Drugs and alcohol are both substances which alter the perceptions of the individual who consumes them. Using these substances regularly can cause a lot of trouble for the user. Many find that their occasional use turns into habitual use, which is more often than not just a step away from addiction. Addiction is where the individual depends on these substances just to feel good or get through their day.
Here are a few of the early warning signs that a person may have problems with drugs and alcohol:
relying on drugs and alcohol to have fun, forget problems, or relax
having blackouts (when a person can’t remember what happened when drunk or high)
taking drugs and alcohol by their self
withdrawing or keeping secrets from friends or family
performing differently in school (such as grades dropping and frequent absences)
building an increased tolerance to drugs and alcohol – gradually needing more and more of the substance to get the same feeling
There are probably as many definitions of “addiction” and abuse as there are substances to abuse. Misunderstandings occur when we get lost in quibbling over “how much” and “how many times” we take drugs and alcohol. In addition, many of us have cultural, religious, and social baggage about the use of drugs and alcohol. A more useful way to decide if a person is chemically dependent is to consider whether an “impairment” or “negative consequence” occurs as a result of use. This can happen in their physical, emotional, and/or social functioning. Sometimes they notice the effects of drugs and alcohol on their lives, sometimes others have to point it out to them. The range of use includes “experimentation” (use a few times to discover the effect), “regular” or “social use” (use without impairment or negative consequences), “problem use” (impairment in one area of functioning), and “addiction” (the inability to stop using or to stay stopped despite negative consequences in one or more areas of one’s life). This includes compulsive use and the loss of control over use.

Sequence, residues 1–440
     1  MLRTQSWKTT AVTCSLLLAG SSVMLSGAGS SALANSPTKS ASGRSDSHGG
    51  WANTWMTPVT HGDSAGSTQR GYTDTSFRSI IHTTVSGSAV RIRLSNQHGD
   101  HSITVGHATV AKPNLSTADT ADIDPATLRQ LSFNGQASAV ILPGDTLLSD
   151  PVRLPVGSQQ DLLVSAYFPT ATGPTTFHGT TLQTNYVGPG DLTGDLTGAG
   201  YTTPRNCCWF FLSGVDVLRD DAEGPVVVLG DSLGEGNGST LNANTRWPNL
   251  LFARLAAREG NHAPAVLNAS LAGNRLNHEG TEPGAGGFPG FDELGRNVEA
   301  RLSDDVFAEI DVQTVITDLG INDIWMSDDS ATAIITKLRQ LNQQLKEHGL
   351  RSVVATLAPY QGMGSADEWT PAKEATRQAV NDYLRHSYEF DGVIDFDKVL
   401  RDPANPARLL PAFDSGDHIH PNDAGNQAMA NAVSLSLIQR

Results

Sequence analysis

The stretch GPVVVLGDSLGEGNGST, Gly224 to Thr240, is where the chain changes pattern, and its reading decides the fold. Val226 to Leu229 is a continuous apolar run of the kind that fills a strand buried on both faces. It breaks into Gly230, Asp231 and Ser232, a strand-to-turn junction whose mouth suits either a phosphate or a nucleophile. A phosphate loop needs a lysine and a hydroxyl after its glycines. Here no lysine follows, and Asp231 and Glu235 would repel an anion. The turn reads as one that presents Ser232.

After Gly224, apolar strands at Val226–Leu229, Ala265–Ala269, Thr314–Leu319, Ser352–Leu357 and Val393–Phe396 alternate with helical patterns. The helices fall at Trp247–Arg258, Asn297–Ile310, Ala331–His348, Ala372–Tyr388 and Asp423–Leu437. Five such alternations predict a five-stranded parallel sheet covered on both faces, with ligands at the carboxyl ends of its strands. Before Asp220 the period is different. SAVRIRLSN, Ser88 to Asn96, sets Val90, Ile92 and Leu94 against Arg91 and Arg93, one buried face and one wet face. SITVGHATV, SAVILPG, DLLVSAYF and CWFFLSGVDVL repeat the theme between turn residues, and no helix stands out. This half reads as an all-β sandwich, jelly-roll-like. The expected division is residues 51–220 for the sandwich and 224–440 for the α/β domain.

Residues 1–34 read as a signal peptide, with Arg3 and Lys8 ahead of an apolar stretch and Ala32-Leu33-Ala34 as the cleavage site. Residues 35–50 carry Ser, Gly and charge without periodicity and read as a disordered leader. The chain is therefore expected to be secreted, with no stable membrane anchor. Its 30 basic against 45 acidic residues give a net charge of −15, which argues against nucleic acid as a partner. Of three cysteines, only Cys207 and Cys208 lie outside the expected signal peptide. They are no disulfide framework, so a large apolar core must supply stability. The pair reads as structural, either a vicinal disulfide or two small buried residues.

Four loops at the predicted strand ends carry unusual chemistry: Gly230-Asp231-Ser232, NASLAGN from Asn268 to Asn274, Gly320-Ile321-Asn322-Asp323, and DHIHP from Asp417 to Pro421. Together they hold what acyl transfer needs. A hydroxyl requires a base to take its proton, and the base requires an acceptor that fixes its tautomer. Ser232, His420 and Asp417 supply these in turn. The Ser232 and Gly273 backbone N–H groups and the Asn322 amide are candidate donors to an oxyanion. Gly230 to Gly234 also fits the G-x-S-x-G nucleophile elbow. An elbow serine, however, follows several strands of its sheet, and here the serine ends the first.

It is usually hard for people to recognize that they have a problem with drugs and alcohol. This is why friends or family often step in. People who are addicted to drugs or alcohol may promise over and over that they’ll stop. However, quitting is hard to do. Many people find they can’t do it without help. The best thing for an individual who has problems with drugs and alcohol is to talk to someone they trust, preferably someone who can support them emotional. This way they don’t have to deal with their problem alone. There are also lots of resources for people who have problems with drugs and alcohol.